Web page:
This, I believe, should be the biggest takeaway from this book. Here are some quotes that sum up this idea.

“The consistent practice of any Catholic devotion takes a lot of effort. Many (perhaps most) people who take up these practices soon find disappointment and boredom in them. Feeling of peace, mercy, love, and certainty can often be present in daily prayer, but they are never automatic and often inconsistent. It took me months of daily practice to begin realizing how GOd was at work in my mind and heart.”

Whether we’re talking about the Angelus or any other devotion, we must remember that we take up these practices out of devotion. I talked about this concept in Season 2 Episode 17 of Coffee and Pearls.

You have the time to take up a Catholic devotion and to obediently carry it out. Choose one. It doesn’t matter which one. Choose it and build up your self-discipline muscle in your faith life because you love God above all else.

You can order this book on Amazon here.

To win a copy of this book, head over to my Facebook page. Make sure to like my page and comment on the giveaway post!


Last book! Praying The Rosary Like Never Before by Edward Sri. Ladies, the guy is a fantastic writer. He makes things clear, interesting, and compelling. I actually had to tell myself to slow down while reading it so I could soak it all up. I definitely think this is a book I will reread.

My favorite part of this book was when the author spent several pages on each mystery making references to the bible and providing ideas and prayers that one could meditate on for each decade. Each section provided so much more depth than I had ever given to the mysteries, which seems silly as I type that out because they are… mysteries.

The book also features many reasons that stand in the way of our saying the rosary. I think it’s important that we acknowledge these and say them out loud. The only way to conquer these distractions and excuses is to bring them into the light. I felt encouraged and hopeful that I could slay some of my own anti-rosary dragons!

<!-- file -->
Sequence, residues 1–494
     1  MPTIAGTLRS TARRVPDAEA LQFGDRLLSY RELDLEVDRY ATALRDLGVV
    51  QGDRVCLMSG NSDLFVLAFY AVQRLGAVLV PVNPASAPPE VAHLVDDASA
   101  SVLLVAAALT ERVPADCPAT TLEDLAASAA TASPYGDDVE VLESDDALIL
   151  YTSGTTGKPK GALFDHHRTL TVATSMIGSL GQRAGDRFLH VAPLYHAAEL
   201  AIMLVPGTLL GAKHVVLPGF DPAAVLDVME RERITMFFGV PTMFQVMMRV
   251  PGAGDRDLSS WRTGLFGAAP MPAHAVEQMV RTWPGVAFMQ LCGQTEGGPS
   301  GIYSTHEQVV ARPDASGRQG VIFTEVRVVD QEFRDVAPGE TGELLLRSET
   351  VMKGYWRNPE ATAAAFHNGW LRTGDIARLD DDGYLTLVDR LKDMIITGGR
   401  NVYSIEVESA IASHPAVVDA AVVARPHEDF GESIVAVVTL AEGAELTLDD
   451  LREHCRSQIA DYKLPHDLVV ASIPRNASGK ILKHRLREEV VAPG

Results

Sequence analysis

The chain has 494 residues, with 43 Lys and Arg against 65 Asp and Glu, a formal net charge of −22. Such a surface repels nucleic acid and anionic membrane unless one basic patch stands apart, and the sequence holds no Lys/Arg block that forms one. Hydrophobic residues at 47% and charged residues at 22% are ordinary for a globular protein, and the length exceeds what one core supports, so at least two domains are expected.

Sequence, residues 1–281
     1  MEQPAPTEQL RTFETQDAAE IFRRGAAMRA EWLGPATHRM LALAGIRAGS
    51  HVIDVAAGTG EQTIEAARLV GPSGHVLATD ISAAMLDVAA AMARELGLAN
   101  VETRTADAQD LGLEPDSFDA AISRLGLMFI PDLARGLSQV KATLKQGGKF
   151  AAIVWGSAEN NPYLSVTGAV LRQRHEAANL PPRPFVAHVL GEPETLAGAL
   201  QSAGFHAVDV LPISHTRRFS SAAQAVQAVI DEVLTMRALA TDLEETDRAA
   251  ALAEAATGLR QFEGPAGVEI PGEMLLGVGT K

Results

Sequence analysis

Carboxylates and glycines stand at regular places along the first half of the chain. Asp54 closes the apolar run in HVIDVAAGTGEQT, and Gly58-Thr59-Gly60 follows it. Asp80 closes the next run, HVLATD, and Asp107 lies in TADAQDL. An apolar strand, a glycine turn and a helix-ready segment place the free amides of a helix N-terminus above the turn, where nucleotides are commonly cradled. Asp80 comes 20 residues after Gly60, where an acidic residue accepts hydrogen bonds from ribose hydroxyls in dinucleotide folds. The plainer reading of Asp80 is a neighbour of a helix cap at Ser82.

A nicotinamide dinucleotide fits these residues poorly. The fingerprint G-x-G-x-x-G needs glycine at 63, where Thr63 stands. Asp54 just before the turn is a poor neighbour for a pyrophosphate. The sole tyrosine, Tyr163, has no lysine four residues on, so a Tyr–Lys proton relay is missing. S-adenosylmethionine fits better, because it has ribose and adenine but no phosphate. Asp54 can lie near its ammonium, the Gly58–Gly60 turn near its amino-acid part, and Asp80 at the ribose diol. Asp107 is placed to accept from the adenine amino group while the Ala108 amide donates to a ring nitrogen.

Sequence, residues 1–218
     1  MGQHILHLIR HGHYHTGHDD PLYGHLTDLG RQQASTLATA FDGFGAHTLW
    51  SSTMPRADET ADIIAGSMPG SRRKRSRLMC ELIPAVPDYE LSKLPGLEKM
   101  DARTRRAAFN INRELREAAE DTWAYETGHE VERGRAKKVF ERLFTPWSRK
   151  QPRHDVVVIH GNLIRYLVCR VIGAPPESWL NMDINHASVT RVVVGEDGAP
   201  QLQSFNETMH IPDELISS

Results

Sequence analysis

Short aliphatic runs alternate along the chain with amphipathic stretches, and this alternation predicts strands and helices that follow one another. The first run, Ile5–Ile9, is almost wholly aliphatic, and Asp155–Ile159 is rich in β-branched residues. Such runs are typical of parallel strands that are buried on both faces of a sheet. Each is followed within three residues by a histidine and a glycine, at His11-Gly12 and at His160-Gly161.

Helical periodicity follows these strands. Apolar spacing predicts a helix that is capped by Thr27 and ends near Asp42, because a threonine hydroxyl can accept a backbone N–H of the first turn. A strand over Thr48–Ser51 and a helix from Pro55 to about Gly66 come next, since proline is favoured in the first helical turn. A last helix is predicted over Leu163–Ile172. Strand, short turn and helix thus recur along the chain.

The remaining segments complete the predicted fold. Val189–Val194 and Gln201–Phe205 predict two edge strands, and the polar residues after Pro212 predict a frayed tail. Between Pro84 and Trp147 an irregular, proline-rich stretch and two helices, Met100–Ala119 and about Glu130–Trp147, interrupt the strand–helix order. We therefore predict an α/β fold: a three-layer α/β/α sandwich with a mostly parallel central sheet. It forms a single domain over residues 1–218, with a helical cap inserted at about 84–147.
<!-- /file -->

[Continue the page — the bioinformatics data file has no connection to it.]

The most important take-away point of the book, in my opinion, is that Jesus is at the center of the rosary. This was such a simple and profound concept and yet I had never heard it before.

“After [the] opening lines, we come to the climax of the Hail Mary: ‘And blessed is the fruit of thy womb, Jesus.’ John Paul II says that Jesus’ holy name not only serves as the hinge joining the two parts of the Hail Mary but also is this prayer’s very ‘center of gravity’ (RVM, 33). Indeed, the Hail Mary is meant to lead us to the person of Jesus, and at the center of this prayer, we speak his sacred name.”

Ever since I read that, I now pause, just a little, when I say the name of Jesus. I think of him as the center, pulling together all the beautiful words of the rosary with his love. It has made me feel so much more peaceful praying the rosary knowing that Jesus is there. I don’t mind that the rosary is largely about Mary and it makes me feel closer to her when I pray it but now instead of thinking that the rosary is Mary’s way of pointing to Jesus, I picture them both present in the prayer calling me to deepen my faith.

Edward Sri is a pleasure to read and I’m looking forward to reading some more of his books. It has a nice modern cover and would make a good present for a rosary lover in your life!

You can order this book on Amazon here.

To win a copy of this book, head over to my Facebook page. Make sure to like my page and comment on the giveaway post!